On July 16, 1996, after Garcia did not report for work, the City sent him a letter informing him that his absence was "unauthorized." He was directed to report for duty and warned that failure to do so could result in "disciplinary action up to and including termination." Appendix at 48. The City then informed Garcia that he was reassigned to a security guard position, but would still have the same rate of pay and hours as he had enjoyed as a bus driver. On July 19, after Garcia failed to report for his reassignment, the City sent Garcia another letter warning him that his absence was "unauthorized" and stating that he was jeopardizing his position with the City. The letter warned that if he did not report to work by July 24, 1996, he would be considered to have voluntarily resigned under Section 3-1-19 of the Merit System Ordinance. Appendix at 49.

On July 24, 1996, after Garcia continued to refuse to report to work, the City notified him that a pre-determination hearing had been scheduled for July 31 to allow him to respond to the charge of "Unauthorized Absence/AWOL" pursuant to Personnel Rules and Regulations, Section 803, and Section 3-1-19 of the Merit System Ordinance. Garcia was also informed that he was entitled to legal or union representation at the hearing. Appendix at 50. On August 1, 1996, the City reiterated that it would be willing to accept Garcia as a security guard at the same pay and benefits as he earned as a bus driver, pending resolution of its appeal in state court of the Personnel Board's decision. The City told Garcia's counsel, however, that this "offer will only remain open until 5 p.m., August 2, 1996." Otherwise, the City stated, it would proceed and make its decision based on its July 31 pre-determination hearing. Appendix at 51.

On August 5, 1996, the City informed Garcia that its offer of employment had been withdrawn, telling him that because he had refused to report to his security guard reassignment and his efforts to explain his refusal during the July 31 pre-decision hearing were unsatisfactory, it was "left with no alternative but to withdraw that offer of employment." Appendix at 52.

On September 27, 1996, the City filed an Appellants' Statement of Appellate Issues in support of its state court appeal of the Personnel Board's order reinstating Garcia. Although required by state procedures to file and serve a response within thirty days after service, Garcia did not respond. Appendix at 93. On November 8, 1996, the City filed a Motion to Dismiss Appeal for Mootness, seeking an order from the state court declaring that the appeal had become moot since the City complied with the administrative decision in question. Id. at 61. The City argued that the Personnel Board's order requiring Garcia to be reinstated had been rendered moot since after the City's appeal had been filed, Garcia had refused its offer of reinstatement and had not reported to work, actions that constitute "resignation" under the City's Merit System Ordinance. In so arguing, the City emphasized that there is "nothing in the Personnel Board's order, the Merit System Ordinance, the Personnel Rules and Regulations or the union contract which guarantees Garcia the job duties of his choice." Id. at 62-63. Consequently, the City maintained, it was "no longer under any duty to reinstate Garcia and an appeal of the Personnel Board's order is unnecessary and should be dismissed as moot" since Garcia had resigned. Id.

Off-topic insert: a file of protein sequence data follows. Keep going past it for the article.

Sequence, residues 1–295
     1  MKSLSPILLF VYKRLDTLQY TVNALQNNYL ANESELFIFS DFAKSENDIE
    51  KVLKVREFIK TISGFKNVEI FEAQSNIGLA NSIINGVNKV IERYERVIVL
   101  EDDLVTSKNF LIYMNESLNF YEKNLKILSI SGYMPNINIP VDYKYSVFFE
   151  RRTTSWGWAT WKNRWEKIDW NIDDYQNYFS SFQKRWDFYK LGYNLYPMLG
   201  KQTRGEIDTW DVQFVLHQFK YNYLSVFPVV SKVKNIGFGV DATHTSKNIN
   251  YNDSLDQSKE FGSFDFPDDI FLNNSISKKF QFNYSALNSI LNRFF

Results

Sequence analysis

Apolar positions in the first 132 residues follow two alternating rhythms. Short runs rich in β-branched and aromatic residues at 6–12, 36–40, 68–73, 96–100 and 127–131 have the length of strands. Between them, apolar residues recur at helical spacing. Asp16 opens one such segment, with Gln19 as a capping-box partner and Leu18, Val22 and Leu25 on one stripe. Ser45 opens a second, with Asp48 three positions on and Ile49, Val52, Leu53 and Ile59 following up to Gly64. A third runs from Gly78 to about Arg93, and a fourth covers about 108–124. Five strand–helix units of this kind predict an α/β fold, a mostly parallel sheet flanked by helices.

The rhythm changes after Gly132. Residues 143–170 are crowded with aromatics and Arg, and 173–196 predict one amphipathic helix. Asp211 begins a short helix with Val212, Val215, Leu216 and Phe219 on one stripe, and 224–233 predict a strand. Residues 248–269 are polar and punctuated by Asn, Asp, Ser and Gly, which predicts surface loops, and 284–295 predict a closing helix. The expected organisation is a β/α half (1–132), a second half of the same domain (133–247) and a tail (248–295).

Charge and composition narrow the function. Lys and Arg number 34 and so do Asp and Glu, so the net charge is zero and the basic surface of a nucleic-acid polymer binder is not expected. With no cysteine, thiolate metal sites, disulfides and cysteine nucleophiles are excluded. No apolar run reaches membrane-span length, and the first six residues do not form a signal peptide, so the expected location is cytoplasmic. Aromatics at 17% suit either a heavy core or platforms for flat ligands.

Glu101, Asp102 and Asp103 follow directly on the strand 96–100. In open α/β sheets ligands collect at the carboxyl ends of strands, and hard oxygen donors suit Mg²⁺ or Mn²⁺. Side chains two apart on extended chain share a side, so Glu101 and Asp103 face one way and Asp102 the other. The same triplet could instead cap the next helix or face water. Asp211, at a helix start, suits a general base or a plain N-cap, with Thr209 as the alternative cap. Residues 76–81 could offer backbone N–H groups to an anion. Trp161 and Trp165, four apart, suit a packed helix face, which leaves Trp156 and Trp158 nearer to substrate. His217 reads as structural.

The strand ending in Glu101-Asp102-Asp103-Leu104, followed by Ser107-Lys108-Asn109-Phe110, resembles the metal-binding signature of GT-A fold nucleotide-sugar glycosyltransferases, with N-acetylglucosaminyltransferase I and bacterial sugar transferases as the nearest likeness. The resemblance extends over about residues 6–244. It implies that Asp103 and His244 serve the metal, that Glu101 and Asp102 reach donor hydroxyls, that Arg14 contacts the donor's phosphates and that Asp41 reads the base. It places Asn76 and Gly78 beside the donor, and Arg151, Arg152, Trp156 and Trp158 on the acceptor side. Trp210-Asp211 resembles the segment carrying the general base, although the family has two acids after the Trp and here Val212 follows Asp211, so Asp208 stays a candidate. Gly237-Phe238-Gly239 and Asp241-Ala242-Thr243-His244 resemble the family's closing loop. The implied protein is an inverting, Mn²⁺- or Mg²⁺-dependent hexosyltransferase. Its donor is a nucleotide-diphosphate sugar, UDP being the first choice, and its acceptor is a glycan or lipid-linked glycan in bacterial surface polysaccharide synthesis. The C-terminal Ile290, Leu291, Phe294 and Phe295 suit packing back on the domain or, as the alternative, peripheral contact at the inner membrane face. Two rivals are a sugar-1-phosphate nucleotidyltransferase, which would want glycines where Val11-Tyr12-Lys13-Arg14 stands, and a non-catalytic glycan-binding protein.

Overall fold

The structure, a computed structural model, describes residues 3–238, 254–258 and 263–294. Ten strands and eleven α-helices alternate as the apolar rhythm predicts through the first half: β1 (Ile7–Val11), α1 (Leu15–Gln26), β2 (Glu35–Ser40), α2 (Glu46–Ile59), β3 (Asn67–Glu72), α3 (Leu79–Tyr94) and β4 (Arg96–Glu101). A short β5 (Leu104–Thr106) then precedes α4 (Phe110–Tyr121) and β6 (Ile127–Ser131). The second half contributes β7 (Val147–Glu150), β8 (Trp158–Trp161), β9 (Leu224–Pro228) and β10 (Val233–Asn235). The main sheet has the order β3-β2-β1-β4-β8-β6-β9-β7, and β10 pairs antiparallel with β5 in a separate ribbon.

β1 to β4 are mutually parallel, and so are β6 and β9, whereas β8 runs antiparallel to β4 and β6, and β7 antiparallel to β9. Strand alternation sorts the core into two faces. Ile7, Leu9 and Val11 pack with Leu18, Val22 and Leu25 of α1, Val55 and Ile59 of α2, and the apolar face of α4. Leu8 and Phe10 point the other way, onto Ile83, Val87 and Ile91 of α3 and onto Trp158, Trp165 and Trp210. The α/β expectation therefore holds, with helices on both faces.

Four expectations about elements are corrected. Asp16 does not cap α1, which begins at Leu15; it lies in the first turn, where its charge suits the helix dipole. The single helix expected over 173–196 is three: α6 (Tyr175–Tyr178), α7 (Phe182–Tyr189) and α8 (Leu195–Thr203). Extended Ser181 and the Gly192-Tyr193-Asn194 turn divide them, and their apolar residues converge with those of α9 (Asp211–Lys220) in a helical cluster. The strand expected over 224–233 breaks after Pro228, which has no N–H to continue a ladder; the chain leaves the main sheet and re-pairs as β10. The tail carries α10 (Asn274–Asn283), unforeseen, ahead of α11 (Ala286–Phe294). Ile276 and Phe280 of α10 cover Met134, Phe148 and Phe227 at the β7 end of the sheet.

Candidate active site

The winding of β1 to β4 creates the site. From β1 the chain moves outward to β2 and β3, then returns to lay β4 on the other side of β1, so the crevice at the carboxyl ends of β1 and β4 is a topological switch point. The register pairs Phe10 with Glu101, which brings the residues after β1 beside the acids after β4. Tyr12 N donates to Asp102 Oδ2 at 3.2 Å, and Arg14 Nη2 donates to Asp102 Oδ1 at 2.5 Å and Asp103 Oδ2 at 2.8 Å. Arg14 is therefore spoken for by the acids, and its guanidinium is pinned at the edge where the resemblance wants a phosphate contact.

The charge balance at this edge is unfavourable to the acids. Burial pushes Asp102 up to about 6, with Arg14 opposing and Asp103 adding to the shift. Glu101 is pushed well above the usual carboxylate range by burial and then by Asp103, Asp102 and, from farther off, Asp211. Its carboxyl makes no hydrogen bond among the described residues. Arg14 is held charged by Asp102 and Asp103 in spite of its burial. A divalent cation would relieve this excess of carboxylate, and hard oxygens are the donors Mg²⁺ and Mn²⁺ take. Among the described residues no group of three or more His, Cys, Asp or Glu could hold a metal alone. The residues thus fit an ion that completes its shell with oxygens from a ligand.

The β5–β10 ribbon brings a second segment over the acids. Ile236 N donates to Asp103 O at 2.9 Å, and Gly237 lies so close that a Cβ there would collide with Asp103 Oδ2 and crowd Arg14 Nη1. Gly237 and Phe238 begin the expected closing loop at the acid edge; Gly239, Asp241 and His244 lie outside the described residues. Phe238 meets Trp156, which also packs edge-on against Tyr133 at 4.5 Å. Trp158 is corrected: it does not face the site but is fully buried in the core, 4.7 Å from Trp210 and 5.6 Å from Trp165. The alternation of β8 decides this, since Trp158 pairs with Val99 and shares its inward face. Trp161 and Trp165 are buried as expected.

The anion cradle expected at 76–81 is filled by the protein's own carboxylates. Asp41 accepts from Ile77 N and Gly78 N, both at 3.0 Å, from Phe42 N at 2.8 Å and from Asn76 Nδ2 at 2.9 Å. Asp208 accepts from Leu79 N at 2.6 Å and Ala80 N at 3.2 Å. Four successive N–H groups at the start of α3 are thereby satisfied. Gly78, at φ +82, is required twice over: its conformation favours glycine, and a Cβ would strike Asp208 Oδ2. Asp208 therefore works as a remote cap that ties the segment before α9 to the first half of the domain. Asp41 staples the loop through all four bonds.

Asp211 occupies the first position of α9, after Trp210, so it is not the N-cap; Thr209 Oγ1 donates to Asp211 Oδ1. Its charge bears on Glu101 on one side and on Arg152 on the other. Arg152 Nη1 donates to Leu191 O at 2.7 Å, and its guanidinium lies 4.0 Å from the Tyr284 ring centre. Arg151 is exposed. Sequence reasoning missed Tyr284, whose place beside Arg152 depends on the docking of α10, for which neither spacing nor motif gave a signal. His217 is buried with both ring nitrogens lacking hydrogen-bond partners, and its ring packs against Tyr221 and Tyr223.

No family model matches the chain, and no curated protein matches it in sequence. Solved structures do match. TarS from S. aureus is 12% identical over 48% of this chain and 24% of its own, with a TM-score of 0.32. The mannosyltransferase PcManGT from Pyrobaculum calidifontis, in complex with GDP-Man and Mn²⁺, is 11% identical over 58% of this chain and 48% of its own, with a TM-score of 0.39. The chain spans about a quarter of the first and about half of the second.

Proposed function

Although state procedural rules required that Garcia respond to the City's Motion within fifteen days of service, Garcia again failed to reply. Id. at 93-94. Consequently, on March 24, 1997, four months later, the City filed a Motion for Default Judgment for Failure to Timely Respond to Pleadings. Id. Garcia eventually agreed to the court's granting of the motion, and on July 15, 1997 the state court issued an Order of Default, remanding the case to the Personnel Board "for action consistent with this order." Id. at 96. On October 15, 1997, the Personnel Board reversed itself and...

To continue reading

Request your trial
315 cases
  • Lucero v. Ortiz
    • United States
    • U.S. District Court — District of New Mexico
    • October 31, 2015
    ...however, “make any specific findings; the district court must merely conduct a de novo review of the record.” Garcia v. City of Albuquerque, 232 F.3d 760, 766 (10th Cir.2000). “[T]he district court is presumed to know that de novo review is required. Consequently, a brief order expressly st......
  • Al-Villar v. Donley
    • United States
    • U.S. District Court — District of New Mexico
    • September 3, 2013
    ...however, “make any specific findings; the district court must merely conduct a de novo review of the record.” Garcia v. City of Albuquerque, 232 F.3d 760, 766 (10th Cir.2000). “[T]he district court is presumed to know that de novo review is required.... Consequently, a brief order expressly......
  • Griffin v. Bryant
    • United States
    • U.S. District Court — District of New Mexico
    • June 18, 2014
    ...however, “make any specific findings; the district court must merely conduct a de novo review of the record.” Garcia v. City of Albuquerque, 232 F.3d 760, 766 (10th Cir.2000). “[T]he district court is presumed to know that de novo review is required. Consequently, a brief order expressly st......
  • Burns v. Alexander
    • United States
    • U.S. District Court — Western District of Pennsylvania
    • March 4, 2011
    ...liberty or property to be in accordance with the Due Process Clause.” Whittaker, 674 F.Supp.2d at 694, quoting Garcia v. City of Albuquerque, 232 F.3d 760, 769 (10th Cir.2000). Once the “appropriate level of process” has been identified, “the right to procedural due process is absolute' in ......
  • Request a trial to view additional results

VLEX uses login cookies to provide you with a better browsing experience. If you click on 'Accept' or continue browsing this site we consider that you accept our cookie policy. ACCEPT